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Gutierrez-Scaccetti Brings ‘Knowledge, Vision, Experience’ as NJ Transportation Commissioner


Diane Gutierrez-Scaccetti was recently confirmed as New Jersey Transportation Commissioner, after serving for more than six years as Executive Director and CEO of Florida’s Turnpike Enterprise. She previously spent 21 years with the New Jersey Turnpike Authority, rising to the position of Executive Director. In this interview with Tolling Points, she talks about embracing a wider mandate, building synergies across agencies and modes, and what it’s like to come home.

When Governor Murphy announced your appointment, he said: "We need your knowledge and vision and experience more than ever before.” What priorities have you been dealing with since you arrived?

DGS: I’m very familiar with New Jersey’s toll roads, and as NJDOT Commissioner, I also chair New Jersey Transit and the New Jersey Turnpike Authority. Therefore, I’m able to support their efforts and the work they’re doing to look at new capital programs. I’m spending a good bit of time learning about train systems, fare boxes, interstate highways, and local and county aid. I’m also spending a lot of time getting acquainted with the people who work here, because I’m only as good as the folks who support me.

How has the New Jersey system changed since you left?

DGS: The financial issues are far deeper than they were when I left New Jersey. Our tolling agencies have just about run through their capital programs, and we’ll be looking for ways to embark on new ones. The reauthorization of the State Transportation Trust Fund came with a 23 cent per gallon gas tax increase, most of which is going to fund county and municipal aid.

My top two priorities are making sure people are in the right place, and really trying to unwind the financial status of each agency – learning how the Transportation Trust Fund works. We are actively looking at ways of finding new revenue that will support both priorities. We want to integrate the planning to make sure we’re using all available funding efficiently to strengthen our collective bottom line while providing greater mobility.

Do you see possibilities for integration or synergy among the transportation modes?

DGS: That’s certainly a goal, but before I can make a recommendation to the Governor, it will take careful study to make sure we aren’t creating an imbalance in our traffic patterns and producing more congestion than we solve. Coordination among rail, bus, and automobiles is the key to making the best use of our transportation infrastructure.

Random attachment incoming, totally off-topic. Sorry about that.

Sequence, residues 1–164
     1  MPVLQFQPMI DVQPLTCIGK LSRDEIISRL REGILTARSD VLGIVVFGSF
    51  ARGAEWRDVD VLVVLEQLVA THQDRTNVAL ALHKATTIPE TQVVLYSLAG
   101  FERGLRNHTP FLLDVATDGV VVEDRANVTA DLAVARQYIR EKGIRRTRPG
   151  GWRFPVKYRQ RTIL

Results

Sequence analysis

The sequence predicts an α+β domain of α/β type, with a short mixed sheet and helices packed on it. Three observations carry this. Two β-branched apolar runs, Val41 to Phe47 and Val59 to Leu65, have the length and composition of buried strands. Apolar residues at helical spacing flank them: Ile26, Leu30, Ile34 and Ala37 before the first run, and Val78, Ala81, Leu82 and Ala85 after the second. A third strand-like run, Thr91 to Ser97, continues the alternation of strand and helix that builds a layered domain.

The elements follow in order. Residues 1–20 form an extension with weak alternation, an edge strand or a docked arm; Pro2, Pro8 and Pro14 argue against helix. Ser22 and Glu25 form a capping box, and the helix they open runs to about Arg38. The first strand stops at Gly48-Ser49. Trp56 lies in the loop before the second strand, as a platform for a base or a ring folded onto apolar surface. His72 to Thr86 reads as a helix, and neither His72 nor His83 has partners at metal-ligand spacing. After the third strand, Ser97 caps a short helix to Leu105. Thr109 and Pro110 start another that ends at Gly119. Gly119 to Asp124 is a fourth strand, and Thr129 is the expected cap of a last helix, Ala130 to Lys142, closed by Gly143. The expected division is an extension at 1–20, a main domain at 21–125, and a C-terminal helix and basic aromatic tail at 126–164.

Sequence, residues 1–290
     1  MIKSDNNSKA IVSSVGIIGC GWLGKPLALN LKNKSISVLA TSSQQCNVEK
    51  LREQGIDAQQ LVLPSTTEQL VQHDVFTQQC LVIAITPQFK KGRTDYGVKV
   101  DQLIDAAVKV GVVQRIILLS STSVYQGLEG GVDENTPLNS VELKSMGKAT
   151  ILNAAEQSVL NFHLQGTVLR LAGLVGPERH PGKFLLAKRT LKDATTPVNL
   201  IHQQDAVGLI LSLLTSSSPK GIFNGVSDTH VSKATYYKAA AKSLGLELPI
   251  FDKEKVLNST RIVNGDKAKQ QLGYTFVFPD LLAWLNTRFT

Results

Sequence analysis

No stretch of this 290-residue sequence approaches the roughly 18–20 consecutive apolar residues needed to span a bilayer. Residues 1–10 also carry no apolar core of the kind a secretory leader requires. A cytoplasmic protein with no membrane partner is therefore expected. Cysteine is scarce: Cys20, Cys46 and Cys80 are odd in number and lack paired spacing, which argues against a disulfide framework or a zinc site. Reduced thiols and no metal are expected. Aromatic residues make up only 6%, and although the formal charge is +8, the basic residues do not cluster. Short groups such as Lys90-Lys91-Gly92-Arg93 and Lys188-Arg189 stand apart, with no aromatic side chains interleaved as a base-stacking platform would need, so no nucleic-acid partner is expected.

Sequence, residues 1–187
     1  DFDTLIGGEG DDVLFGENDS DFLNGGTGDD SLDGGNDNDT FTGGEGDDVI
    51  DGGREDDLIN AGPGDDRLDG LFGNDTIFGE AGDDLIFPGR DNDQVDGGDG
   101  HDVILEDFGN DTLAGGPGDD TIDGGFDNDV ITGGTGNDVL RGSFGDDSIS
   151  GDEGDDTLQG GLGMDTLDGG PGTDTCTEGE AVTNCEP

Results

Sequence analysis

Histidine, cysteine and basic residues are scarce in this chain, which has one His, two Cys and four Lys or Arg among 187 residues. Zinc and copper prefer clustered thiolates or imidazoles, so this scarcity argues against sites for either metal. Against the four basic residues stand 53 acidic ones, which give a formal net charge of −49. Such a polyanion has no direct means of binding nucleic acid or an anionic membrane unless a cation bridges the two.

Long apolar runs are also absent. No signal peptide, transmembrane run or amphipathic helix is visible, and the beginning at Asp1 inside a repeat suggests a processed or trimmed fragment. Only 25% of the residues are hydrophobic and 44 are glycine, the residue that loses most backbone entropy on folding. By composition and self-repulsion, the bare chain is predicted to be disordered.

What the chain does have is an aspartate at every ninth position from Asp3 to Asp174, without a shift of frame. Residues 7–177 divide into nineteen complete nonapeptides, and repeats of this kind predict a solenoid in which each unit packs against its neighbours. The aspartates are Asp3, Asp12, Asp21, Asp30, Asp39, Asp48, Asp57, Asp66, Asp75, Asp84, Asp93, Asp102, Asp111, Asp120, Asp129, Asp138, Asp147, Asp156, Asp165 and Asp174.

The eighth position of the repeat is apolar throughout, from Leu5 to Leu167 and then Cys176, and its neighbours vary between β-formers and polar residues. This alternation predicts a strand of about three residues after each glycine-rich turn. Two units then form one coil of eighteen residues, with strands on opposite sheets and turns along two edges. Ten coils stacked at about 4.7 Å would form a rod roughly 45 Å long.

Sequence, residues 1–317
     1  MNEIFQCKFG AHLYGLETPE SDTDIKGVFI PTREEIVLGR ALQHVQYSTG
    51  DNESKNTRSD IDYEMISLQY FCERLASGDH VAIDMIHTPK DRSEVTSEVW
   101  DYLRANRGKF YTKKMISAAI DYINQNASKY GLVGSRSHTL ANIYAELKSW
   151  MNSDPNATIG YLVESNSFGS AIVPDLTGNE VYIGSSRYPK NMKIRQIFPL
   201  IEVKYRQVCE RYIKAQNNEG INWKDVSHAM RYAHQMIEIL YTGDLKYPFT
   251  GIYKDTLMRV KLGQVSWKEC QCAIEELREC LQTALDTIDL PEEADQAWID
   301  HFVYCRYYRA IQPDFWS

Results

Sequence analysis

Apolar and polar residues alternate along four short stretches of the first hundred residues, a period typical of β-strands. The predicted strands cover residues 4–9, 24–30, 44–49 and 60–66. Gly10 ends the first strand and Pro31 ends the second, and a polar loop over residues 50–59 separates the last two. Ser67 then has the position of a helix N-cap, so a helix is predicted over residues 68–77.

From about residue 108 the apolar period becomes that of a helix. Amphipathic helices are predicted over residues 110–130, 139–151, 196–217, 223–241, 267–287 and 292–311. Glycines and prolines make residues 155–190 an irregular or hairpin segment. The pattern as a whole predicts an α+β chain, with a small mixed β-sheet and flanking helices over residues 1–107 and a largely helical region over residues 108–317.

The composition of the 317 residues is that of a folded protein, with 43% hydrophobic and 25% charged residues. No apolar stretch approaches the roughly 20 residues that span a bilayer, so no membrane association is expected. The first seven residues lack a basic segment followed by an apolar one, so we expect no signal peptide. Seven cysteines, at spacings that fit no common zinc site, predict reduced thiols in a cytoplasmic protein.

What parallels and differences do you see between the Florida and New Jersey transportation systems?

DGS: They’re both very strong DOTs that get a lot of good work done, and the dedication of the staff to their craft and their roadway is parallel. People in our industry get attached—there’s an affinity they have that is probably different from most other lines of work, and that sense of pride in moving a project from concept to concrete is exactly the same in both states. Florida obviously benefits from a very healthy state transportation trust fund. New Jersey has some work to do to get there. My goal is to start the process and develop a path for the state to start paying down its transportation debt and convert to more of a cash-funded program.

What big-picture lessons have you taken away from your time in Florida, and from your network of professional contacts at IBTTA, that can help you deliver on the Governor’s expectations?

DGS: One of the things I really became comfortable with in Florida was the use of staff augmentation teams to temporarily shore up in-house capacity. New Jersey went through a period of time when they were not allowed to hire, so we have a bit of a void at the 10- to 15-year experience point. We’ll want to fill that gap until we grow those younger engineers with the mentoring and experience they need to fill those slots. Then we’ll eventually take those positions back in-house. The professionals I have met throughout my long association with IBTTA gives me confidence that there are many excellent firms available to help fill this gap. 

When Governor Murphy introduced you in December, you said to him: "I can't thank you enough for bringing me home.” How has that been for you?

DGS: One of the real driving forces for me coming home was my elderly mom. She turned 89 in April, and after my time in Florida, it was time to be closer to her. So, here’s a job that is exciting and challenging and it’s 20 minutes from my mom’s house. Being called home was an offer I couldn’t pass up. It’s great to get to spend time with her again and still fulfill my professional passion.


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